• The States of: Massachusetts, New Hampshire, New Mexico, and Idaho;
  • District of Columbia;
  • All U.S. territories except the U.S. Virgin Islands;
  • Federal facilities in Delaware, Vermont, Colorado, and Washington;
  • Discharges in Texas that are not under the authority of the Texas Commission on Environmental Quality, including activities associated with oil and gas exploration (see Appendix A of the Final 2016 PGP for further description); and
  • All areas of Indian Country that are not covered by an EPA-approved permitting program (see Appendix A for Indian Country covered within each EPA Region). 

Similar to the 2011 PGP, the 2016 PGP contains additional permit conditions and modifications that some states and tribes added through the Clean Water Act (CWA) Section 401 certification process and/or the Coastal Zone Management Act process.  Part 9 of the 2016 PGP provides a detailed breakdown of any additional requirements.  Forty-six states have delegated authority to administer state versions of the PGP.  The majority of states recently revised and reissued their respective state PGPs for another five-year permit cycle.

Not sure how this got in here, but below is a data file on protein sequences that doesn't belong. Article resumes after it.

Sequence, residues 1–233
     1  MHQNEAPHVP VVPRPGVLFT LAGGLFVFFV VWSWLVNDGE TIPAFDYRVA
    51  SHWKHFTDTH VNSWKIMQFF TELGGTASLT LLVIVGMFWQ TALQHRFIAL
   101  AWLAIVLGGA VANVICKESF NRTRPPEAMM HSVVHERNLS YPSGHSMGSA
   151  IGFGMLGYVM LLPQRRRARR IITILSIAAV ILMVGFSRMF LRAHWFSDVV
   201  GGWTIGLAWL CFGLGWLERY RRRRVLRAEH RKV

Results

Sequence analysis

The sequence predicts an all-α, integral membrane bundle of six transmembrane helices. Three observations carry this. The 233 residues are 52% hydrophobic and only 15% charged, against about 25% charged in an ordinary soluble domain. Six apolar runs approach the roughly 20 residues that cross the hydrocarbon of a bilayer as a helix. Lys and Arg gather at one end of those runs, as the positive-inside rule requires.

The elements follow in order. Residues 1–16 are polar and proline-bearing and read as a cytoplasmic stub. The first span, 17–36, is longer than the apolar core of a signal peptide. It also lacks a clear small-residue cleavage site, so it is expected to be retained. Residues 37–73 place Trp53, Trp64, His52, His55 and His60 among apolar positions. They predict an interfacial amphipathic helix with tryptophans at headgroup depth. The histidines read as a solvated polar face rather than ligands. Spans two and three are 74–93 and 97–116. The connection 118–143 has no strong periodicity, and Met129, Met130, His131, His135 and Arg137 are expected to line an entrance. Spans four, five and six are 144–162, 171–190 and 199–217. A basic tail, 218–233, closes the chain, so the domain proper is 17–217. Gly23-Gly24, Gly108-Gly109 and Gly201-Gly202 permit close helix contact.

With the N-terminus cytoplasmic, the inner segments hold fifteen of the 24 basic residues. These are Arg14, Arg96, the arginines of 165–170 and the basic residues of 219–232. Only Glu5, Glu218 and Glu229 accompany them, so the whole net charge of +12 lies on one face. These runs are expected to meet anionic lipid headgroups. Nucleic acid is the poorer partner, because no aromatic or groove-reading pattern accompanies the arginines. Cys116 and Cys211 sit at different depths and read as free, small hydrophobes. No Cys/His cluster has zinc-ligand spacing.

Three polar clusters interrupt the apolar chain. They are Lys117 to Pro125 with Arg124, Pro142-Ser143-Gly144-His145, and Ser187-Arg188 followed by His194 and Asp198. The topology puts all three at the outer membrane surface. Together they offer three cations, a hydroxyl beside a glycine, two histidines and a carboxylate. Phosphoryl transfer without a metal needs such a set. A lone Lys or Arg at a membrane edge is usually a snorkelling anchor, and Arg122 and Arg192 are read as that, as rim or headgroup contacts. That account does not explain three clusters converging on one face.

The 2016 PGP applies to the same pesticide use patterns covered by the 2011 PGP, which are:

  • Mosquito and Other Flying Insect Pest Control -- control of public health/nuisance and other flying insect pests (including mosquitoes and black flies) that develop or are present during a portion of their life cycle in or above standing or flowing water.  
  • Weed and Algae Pest Control -- control of weeds, algae, and pathogens that are pests in water and at water’s edge, including ditches and/or canals.
  • Animal Pest Control -- control of animal pests, including fish, lampreys, insets, mollusks, and pathogens, in water and at water’s edge.
  • Forest Canopy Pest Control -- application of a pesticide to a forest canopy to control the population of a pest species (e.g., insect or pathogen) where, to target the pests effectively, a portion of the pesticide unavoidably will be applied over and deposited to water.

The 2016 PGP requirements are nearly identical to those in the 2011 PGP, with the exception of the following two updates included in the 2016 PGP: